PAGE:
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Next B.C. Premier will find a place on the national stage

B.C. NDP Leader Adrian Dix says he would run a serious government that respects other provinces and works closely with Ottawa.

CHAD HIPOLITO/THE CANADIAN PRESS

Whether NDP Leader Adrian Dix holds his lead in Tuesday's election or Liberal Leader Christy Clark pulls off a comeback win, the next B.C. premier will hold sway on major files that ripple far beyond the province's borders.

The Energy Gambit

With other premiers and the federal government pushing for pipelines to the Pacific, B.C. is a gatekeeper. But Mr. Dix has come out against Enbridge's Northern Gateway project and expanding Kinder Morgan's Trans Mountain pipeline. Ms. Clark has hardly been more receptive – she will not back them without sweeteners, such as a share of revenues.

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B.C.'s impact on energy issues is not just about pipelines. The province has Canada's strongest carbon tax at a time when the country's environmental record is under scrutiny. And B.C., along with Saskatchewan and Alberta, has formed a New West Partnership to cut red tape and boost trade.

Chuck Strahl, a former B.C. MP and Conservative cabinet minister, has stayed out of the race. But energy development is as much about hearts and minds as it is the premier, he said.

"There's a whole 'social license' issue that's yet to be decided on this. That's as big an issue, or more, as who wins the election," Mr. Strahl said.

The Ottawa Factor

Prime Minister Stephen Harper's Conservatives have largely avoided the campaign, but Mr. Strahl says Mr. Harper would work with New Democrats "if the person proves to be, you know, wanting to get something done."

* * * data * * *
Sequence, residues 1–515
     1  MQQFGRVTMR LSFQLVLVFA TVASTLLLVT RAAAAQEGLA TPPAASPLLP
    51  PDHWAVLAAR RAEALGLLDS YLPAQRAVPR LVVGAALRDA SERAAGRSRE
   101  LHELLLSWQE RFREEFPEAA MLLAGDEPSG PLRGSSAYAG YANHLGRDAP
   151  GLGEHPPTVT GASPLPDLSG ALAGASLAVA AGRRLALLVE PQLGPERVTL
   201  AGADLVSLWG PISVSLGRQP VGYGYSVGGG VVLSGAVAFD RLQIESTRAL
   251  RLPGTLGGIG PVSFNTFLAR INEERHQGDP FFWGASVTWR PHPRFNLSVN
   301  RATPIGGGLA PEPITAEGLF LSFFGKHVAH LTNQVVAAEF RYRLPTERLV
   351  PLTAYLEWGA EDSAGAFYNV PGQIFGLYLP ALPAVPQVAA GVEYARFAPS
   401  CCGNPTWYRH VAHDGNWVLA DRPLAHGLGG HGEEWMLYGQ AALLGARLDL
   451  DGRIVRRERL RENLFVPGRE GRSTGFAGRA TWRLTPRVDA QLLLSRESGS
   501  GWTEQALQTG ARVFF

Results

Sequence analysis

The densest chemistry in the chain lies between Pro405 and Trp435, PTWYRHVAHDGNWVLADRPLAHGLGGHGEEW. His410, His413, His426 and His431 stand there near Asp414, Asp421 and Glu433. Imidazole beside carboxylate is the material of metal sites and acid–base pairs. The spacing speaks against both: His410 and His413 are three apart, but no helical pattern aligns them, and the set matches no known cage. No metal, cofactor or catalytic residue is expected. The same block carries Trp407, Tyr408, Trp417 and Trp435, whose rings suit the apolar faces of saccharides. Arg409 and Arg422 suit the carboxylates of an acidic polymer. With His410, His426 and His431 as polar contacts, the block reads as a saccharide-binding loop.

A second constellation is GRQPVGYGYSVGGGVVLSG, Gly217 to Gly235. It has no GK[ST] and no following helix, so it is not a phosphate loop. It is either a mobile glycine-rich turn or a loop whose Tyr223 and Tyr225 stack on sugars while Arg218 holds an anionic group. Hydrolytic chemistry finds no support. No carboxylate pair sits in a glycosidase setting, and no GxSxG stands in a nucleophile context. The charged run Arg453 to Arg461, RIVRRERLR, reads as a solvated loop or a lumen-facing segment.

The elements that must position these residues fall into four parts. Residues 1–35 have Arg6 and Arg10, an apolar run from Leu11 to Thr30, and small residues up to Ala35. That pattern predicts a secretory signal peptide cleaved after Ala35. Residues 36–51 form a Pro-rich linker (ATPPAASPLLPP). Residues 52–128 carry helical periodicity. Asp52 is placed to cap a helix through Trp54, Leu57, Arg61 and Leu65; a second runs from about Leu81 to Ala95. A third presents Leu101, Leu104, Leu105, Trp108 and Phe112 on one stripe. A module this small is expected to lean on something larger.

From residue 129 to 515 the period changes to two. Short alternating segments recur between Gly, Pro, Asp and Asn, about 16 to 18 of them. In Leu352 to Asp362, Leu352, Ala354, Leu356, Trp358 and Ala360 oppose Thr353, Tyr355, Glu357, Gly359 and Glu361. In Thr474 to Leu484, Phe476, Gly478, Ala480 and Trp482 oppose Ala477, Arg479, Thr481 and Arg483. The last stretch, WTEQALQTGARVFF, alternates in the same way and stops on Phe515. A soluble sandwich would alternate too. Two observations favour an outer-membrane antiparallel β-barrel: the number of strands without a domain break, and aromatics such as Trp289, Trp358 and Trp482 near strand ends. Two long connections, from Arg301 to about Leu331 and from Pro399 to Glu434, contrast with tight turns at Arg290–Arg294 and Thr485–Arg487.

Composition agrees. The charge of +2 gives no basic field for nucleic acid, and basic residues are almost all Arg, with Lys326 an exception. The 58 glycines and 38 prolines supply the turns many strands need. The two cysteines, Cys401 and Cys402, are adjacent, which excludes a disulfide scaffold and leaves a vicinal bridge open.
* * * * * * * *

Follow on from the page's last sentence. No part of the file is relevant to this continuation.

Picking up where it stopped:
Former Conservative cabinet minister Stockwell Day is helping Ms. Clark, saying he fears an NDP government. "The B.C. Liberals are the only ones who have a chance to stop that from happening," Mr. Day said in an interview. Although Conservative MPs have kept a low profile, "let me just say that, as fiscal conservatives, I would guess they understand the ramifications of NDP economic policies," Mr. Day said.

Mr. Dix's party has seen support from its federal counterparts, even though Mr. Dix has opposed federal NDP Leader Thomas Mulcair on, for example, the issue of Quebec secession. Federal NDP House Leader Nathan Cullen is nonetheless campaigning in his home province, confident a Dix majority would help the federal NDP in the 2015 election. "I'm trying to use whatever networks I have, for sure, because I think a New Democratic government would be very good for B.C.," Mr. Cullen said.

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The Premiers Next Door

Ms. Clark has taken an elbows-up approach to interprovincial relations, saying it's "tough luck" that other provinces do not think she is being constructive. Mr. Dix has been more tempered in his remarks, but faces the prospect of working with conservative counterparts in Alberta and Saskatchewan.

The continuation of the New West Partnership is crucial to the West's economy, and therefore Canada's, says Dylan Jones, chief executive officer of the Canada West Foundation.